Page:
How the right kind of sugar makes all the difference
Everyone is becoming more health-conscious today, and that means people are paying closer attention to what they are eating throughout the day — from items that are bought at the store to food that’s made at home. The hard part for consumers is interpreting food labels, especially when it comes to ingredients one might have concerns about, such as the type of added sugar. With so many varieties of sugar available, it is important to understand the differences between them, what they are best used for, and the role that they play in the flavor of different foods. (BPT)
Why do some foods need sugar?
Beyond providing sweetness, the molecular structure of sugar aids in the baking process, and also creates appealing color and texture. In fact, sugar has a wide variety of applications even beyond baked goods — from savory dishes to cocktails and more. Here’s what sugar, or sucrose, does for many foods you make or buy:
Bread: Sugar creates crust browning (caramelization), affects starch swelling, and “feeds” yeast fermentation. Sugar also helps retain moisture, extending bread’s shelf life.
Cereal bars: Sugar offers sweetness and helps retain moisture. Consumers should seek products specifically containing “Raw Cane Sugar” as “Cane Sugar” is a blanket term for many types of sugar, including white refined sugar. Consumers seeking minimally processed ingredients should look for Raw Cane Sugar in the ingredient statement.
and helps retain moisture to create softness in some cookies.
When it comes to sugar, if you’re looking for a more wholesome choice with a range of flavors, you’re in luck — there are many choices beyond white refined sugar.
Look for these sugar options when shopping or as an ingredient on labels for foods you buy:
Raw Cane Sugar
Minimally processed foods and ingredients are on-trend in every category and sugar is no different. Shoppers today prefer minimally processed and organic sweeteners because they want ingredients with more flavor, texture, color, and mouthfeel. When buying products, it’s important to look for “Raw Cane Sugar” on the label, as Raw Cane Sugar comes from the sugarcane plant, and it is minimally processed.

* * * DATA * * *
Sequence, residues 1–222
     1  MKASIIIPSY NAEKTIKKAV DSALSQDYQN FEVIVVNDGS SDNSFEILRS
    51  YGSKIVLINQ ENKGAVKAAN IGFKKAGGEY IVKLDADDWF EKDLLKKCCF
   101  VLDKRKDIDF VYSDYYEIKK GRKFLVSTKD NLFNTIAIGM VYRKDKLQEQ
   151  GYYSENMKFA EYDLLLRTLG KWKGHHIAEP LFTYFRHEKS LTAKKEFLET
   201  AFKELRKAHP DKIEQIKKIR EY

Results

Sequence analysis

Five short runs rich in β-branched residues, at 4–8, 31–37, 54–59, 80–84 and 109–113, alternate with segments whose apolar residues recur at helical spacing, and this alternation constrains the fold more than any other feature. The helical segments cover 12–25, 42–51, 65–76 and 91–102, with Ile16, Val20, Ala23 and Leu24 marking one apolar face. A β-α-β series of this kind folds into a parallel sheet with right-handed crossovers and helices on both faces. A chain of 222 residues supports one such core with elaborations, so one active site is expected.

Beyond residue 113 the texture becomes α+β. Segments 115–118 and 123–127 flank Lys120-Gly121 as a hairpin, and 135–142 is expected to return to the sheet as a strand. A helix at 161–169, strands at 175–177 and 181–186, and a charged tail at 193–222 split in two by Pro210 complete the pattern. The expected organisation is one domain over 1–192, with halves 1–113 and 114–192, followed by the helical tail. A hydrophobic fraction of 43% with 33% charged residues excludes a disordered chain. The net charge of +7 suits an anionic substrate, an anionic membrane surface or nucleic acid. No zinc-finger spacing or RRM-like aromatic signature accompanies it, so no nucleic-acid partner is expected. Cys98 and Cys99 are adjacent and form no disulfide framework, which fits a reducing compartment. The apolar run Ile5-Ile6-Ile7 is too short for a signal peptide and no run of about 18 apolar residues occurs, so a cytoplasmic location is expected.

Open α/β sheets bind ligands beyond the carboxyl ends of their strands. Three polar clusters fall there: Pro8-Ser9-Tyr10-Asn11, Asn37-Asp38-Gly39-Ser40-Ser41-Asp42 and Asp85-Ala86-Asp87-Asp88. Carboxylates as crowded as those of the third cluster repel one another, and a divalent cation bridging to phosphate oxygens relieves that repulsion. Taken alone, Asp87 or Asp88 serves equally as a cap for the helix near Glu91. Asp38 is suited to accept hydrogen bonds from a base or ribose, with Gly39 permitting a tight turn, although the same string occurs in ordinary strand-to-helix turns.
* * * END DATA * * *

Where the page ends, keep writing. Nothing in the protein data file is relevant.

Brown sugar comes directly from sugarcane, the distinctive molasses taste permeates the entire crystal.
Dark Brown Sugar
The deep molasses taste of dark brown sugar is sought after for many spice-filled holiday treats like gingerbread, as well as in savory sauces and marinades for barbecued, grilled or smoked meats. The bold flavor of dark brown sugar complements strong or spicy flavors in a wide range of foods.
Light Brown Sugar
While not as bold in terms of flavor as dark brown sugar, light brown sugar is buttery and warm, with caramel notes. This moist sugar suits baked goods like brownies and cookies, plus savory dishes needing just a hint of sweetness, including in Asian flavor profiles.
You’ve probably seen this kind of sugar in packets at restaurants. Also referred to as Demerara sugar, Turbinado cane sugar adds crunch as well as the sparkle for cookies and other desserts. With its large grains and amber color, Turbinado offers a bold molasses taste but in a free-flowing form, unlike its stickier brown sugar cousins.